A Primer for What's On Deck With Rockies This Off-Season

Now that the Boston Red Sox have laid claim to the world championship, and pending free agents have officially filed to test the open market, the baseball off-season has officially begun.

The game’s general managers will gather in Carlsbad, Ca., beginning on Monday, where they will have sessions discussing the state of the game, handling of arbitration cases, and a vision of what is on the horizon.

More importantly, however, when they are outside the meeting room, they will mingle, not only with their counterparts but also the plethora of agents who will be hanging around, looking to lay the groundwork for the off-season moves.

That includes Rockies general manager Jeff Bridich, who has seen the Rockies advance to the post-season in back-to-back seasons for the first time in franchise history, but by his own admission they came up shy of expectations when they were swept by the Brewers in the NL Division Series.

 “I do believe that in 2018 we had a roster and a team that was good enough to go to the World Series, but there were certain opportunities in September and October that we did not take advantage of,” Bridich said in a conference call with media members on Friday. “We have nobody to blame but ourselves to blame for that.”

So what’s on the winter agenda?

Third is First

The Rockies control Nolan Arenado for another season, although he will have the leverage of arbitration this off-season and could conceivably surpass the $23 million deal Josh Donaldson signed with the Blue Jays a year ago, which set a record for a one-year deal given to a player with arbitration eligibility.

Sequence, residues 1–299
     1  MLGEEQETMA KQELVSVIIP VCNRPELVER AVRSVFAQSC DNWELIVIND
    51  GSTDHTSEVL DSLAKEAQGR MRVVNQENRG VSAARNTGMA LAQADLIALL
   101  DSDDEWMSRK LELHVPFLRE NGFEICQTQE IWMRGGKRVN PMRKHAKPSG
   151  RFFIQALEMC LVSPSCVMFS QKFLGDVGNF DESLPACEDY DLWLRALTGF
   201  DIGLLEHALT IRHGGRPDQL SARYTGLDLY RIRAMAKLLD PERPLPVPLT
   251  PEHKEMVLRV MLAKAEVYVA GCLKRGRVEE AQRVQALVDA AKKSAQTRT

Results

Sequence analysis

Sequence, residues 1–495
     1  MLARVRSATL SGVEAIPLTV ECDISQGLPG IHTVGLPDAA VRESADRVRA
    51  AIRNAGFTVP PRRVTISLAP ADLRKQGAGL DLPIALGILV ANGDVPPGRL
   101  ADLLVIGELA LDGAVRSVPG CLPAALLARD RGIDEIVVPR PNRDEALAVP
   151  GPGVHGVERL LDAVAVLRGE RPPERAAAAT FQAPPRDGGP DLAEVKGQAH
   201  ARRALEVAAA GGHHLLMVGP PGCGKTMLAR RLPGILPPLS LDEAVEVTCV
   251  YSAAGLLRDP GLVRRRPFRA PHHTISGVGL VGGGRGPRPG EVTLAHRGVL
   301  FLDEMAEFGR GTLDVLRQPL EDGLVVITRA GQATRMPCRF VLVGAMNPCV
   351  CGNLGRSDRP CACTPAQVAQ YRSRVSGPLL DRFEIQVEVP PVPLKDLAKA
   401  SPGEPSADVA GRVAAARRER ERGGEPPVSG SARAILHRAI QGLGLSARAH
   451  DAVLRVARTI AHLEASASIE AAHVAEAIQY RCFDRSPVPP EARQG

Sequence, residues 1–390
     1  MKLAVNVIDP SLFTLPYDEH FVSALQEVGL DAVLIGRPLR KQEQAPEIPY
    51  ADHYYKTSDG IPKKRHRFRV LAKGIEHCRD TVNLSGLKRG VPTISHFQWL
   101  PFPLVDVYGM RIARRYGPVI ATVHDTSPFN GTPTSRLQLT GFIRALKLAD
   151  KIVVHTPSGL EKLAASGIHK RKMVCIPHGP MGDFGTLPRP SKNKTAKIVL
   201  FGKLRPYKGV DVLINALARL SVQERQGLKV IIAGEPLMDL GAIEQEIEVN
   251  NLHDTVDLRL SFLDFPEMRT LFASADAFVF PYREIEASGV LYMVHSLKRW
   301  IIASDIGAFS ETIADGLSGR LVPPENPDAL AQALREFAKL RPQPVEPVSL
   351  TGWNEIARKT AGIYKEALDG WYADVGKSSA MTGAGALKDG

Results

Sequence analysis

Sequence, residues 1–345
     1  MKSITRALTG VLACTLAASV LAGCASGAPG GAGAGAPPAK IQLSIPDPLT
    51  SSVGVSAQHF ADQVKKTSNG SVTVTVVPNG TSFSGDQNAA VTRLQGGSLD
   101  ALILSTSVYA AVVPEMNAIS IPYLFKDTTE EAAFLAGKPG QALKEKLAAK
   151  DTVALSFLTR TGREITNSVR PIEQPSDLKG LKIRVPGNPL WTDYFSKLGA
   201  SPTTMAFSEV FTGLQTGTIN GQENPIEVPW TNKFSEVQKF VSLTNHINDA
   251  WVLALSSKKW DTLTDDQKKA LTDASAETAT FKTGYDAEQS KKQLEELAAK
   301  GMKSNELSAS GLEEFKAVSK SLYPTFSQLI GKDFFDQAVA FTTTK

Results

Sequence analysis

The Rockies show no signs of being in a hurry to move Arenado, and Arenado has said he expects to be with the team next spring. Beyond that? The Rockies won’t be cheap in their bidding, but they aren’t likely to break records, either, so it could come down to whether remaining with the Rockies or getting the biggest deal possible becomes a lure for Arenado.

The Rockies did establish a model for compromise with pending free agents last spring with the signing of Charlie Blackmon to a deal that has sizable salaries in the final two years, but gives Blackmon the ability to opt out if he wants to test free agency.

“We are pretty realistic and pragmatic as an organization,” said Bridich. “We understand what could happen. We are focused on Nolan being here, with us, and competing for the plays again, competing for the NL West title like we did last year. That’s part of our short-term vision.”  

Jump Start the Offense

Try this on for size. The Rockies finished the 162-game scheduled tied with the Dodgers for first-place in the NL West, and then lost a Game 163 to wind up a wild-card. They did that despite arguably the worst offense in franchise history.

Not only did they hit a franchise-worst .256 with the second lowest on-base percentage in franchise history (.322) and a .435 slugging percentage, which was the 10th lowest in the 26 years of Rockies existence, but for the first time ever the Rockies did not have a .300 hitter.

In the previous 25 years, they had 61 seasons in which a player hit .300, including five in 1996, and four each in 1997, 1998, 2001 and 2006.